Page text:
The Telegraph
Since 1st March, 1999
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Hyderabad hope for Pak child

Hyderabad, Aug. 6: Five-year-old Batul Hasan has come to India hoping to get a new lease of life.

The Pakistani child’s diseased liver will be replaced tomorrow at Global Hospital in an operation expected to last over 10 hours.

On July 29, 10-day-old heart patient Muhammed Ahmed was saved with emergency treatment here after the Indian Airlines flight carrying him and his uncle from Lahore to Bangalore made an unscheduled landing in Hyderabad.

Batul’s father, 45-year-old Irtiaz Hasan, was not sure what to expect when he first landed here on July 12. “I came to Hyderabad with a load of apprehensions about Indians, their inhibitions, behaviour towards us. I find my beliefs were misplaced.”

The emotion showing in his voice, he said: “I have got so much warmth and understanding from the people here that I could not expect anything more.”

The doctors are not expecting more than 30 per cent of Irtiaz’s liver to be transplanted into his daughter.

“We could not take her mother’s liver as the blood groups did not match,” said Mohammed Rela, the chief surgeon for the operation who is on lease to Global Hospital from King’s College Hospital, London.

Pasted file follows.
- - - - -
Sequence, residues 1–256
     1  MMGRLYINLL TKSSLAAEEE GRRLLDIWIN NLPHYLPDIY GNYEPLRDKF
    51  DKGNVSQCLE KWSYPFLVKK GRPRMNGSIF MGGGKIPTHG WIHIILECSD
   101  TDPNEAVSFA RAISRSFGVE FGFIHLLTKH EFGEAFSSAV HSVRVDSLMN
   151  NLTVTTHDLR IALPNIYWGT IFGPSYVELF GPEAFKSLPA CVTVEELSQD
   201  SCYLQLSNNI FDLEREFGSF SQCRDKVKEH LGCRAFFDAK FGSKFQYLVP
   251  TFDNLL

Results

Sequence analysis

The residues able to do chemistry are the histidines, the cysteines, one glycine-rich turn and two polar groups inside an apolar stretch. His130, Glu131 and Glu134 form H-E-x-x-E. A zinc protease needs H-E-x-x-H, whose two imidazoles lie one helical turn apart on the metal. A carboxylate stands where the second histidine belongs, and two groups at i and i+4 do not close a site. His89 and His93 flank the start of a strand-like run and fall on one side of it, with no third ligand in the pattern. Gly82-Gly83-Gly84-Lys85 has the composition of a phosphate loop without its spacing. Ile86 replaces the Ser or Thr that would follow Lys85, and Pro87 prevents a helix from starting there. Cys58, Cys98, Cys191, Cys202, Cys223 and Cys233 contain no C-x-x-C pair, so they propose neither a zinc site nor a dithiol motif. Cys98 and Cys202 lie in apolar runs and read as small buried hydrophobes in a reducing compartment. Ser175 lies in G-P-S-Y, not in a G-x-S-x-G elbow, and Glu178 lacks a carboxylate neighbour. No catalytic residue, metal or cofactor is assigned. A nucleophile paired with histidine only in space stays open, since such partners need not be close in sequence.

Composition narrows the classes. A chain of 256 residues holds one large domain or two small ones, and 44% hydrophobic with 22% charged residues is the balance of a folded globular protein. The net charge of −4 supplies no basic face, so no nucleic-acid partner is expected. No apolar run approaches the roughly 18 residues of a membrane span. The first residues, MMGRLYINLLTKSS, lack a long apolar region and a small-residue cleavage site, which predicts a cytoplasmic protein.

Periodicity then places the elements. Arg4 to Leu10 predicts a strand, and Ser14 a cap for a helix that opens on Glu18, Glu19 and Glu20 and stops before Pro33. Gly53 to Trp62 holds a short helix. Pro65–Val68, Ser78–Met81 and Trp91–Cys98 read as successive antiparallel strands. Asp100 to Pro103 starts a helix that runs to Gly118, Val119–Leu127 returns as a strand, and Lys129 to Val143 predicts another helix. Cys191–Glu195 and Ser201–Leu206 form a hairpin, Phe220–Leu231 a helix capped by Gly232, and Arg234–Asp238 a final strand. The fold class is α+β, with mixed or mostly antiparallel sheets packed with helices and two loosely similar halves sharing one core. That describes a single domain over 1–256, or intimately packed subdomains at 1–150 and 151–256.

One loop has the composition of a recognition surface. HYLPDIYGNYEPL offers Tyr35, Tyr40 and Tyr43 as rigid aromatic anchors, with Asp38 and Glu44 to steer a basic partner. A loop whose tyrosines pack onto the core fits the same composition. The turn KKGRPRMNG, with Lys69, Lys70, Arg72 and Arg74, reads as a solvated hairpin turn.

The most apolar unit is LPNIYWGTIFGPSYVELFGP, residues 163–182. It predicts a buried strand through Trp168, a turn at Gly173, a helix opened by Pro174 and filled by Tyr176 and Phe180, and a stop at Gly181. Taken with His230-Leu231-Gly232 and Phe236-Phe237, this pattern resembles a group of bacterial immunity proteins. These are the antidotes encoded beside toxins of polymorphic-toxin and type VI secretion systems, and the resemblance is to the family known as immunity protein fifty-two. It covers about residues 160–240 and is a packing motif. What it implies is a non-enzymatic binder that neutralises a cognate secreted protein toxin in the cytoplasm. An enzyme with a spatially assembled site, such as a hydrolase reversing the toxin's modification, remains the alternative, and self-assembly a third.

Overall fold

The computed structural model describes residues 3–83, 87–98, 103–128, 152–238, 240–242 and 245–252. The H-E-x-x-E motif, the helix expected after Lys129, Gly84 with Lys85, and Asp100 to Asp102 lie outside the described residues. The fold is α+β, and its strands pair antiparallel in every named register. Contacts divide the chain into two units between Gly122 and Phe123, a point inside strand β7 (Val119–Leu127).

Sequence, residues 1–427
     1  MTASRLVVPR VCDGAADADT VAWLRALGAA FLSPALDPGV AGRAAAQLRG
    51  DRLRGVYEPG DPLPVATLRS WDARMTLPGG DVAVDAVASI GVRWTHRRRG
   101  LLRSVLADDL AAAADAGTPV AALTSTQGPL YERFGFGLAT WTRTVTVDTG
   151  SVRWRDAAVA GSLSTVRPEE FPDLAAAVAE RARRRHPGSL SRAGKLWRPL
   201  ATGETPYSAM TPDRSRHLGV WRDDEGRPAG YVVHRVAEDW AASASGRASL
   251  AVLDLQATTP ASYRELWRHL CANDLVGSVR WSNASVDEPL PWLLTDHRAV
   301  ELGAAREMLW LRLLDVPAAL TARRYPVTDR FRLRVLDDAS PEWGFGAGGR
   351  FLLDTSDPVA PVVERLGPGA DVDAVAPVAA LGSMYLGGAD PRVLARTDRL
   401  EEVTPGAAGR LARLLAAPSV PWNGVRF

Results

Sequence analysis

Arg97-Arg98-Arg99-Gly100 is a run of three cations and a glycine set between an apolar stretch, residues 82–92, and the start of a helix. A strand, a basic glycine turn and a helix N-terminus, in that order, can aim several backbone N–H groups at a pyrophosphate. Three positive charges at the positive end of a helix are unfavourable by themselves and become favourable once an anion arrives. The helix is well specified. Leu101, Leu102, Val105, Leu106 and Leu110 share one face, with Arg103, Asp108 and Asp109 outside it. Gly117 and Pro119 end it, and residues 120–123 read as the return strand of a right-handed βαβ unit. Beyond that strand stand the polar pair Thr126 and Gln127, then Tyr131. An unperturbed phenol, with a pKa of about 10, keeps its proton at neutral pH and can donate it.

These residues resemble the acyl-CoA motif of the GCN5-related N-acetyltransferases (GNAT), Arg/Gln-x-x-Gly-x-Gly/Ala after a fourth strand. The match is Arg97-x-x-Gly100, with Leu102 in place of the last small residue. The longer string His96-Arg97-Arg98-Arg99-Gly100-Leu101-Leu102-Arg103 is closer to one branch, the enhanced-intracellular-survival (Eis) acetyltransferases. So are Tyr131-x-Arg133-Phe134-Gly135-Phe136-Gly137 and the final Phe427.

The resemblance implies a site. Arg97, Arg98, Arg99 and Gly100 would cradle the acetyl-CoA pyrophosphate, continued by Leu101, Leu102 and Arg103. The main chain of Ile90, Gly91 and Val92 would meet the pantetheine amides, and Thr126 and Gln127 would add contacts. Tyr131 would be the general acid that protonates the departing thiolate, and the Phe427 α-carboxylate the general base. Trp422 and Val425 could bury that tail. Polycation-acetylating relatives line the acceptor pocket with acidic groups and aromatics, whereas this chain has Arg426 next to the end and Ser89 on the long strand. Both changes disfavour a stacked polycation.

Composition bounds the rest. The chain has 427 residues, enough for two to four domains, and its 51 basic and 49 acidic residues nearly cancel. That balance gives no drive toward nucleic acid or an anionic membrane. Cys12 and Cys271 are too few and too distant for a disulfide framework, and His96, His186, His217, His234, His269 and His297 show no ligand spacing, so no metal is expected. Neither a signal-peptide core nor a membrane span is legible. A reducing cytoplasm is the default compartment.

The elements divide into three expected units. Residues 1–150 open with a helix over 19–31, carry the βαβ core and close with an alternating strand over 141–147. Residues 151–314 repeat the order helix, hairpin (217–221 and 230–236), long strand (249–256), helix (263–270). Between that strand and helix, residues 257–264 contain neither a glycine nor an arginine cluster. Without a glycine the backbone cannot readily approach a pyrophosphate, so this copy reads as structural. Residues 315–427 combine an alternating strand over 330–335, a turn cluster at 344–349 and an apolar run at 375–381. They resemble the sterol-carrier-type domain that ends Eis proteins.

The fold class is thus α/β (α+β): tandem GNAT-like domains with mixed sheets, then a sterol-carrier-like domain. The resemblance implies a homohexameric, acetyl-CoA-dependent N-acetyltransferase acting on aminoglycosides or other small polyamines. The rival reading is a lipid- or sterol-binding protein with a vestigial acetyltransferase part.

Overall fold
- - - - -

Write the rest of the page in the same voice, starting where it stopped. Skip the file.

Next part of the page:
Batul suffers from Alagille’s Syndrome, a genetic defect that shows up in the form of liver disease, holes in the heart, poor blood circulation to the lungs and abnormalities in the spine and eyes. It was detected when she was two.

“At least five surgeons and almost an equal number of assistants will be part of the transplant team,” said Ravindranath, the chief of Global Hospital.

Irtiaz, a Karachi-based entrepreneur dealing in cargo and couriers, was advised by well-wishers in his city and Mumbai to take his daughter to India.

He was earlier asked by the Aga Khan University Hospital in Karachi to seek help in Singapore or the UK. But the transplant would have cost around Rs 44 lakh in either country.

That decided the course of action for Irtiaz and wife Shama. They did not want their second child to suffer like their first, a 14-year-old son who suffered from meningitis and is now mentally handicapped.

Rela, a liver transplantation expert, said the team would be working on the principle of 90 per cent success. Post-operative care involving use of immuno-suppressant drugs would be crucial for success, he added.

A bleary-eyed Shama said she prayed more today than ever for the recovery of Batul, who has just entered the senior Montessori grade in school. “She has always been an active girl and very talkative,” the mother said.

“An operation of this order would cost almost Rs 14 lakh. But as per our policy of providing free hospital and professional services if the patients have a donor…we will charge them (the Hasans) only for medicine and disposables,” Ravindranath said.

The Hasans have deposited Rs 4 lakh with the hospital for the surgery.

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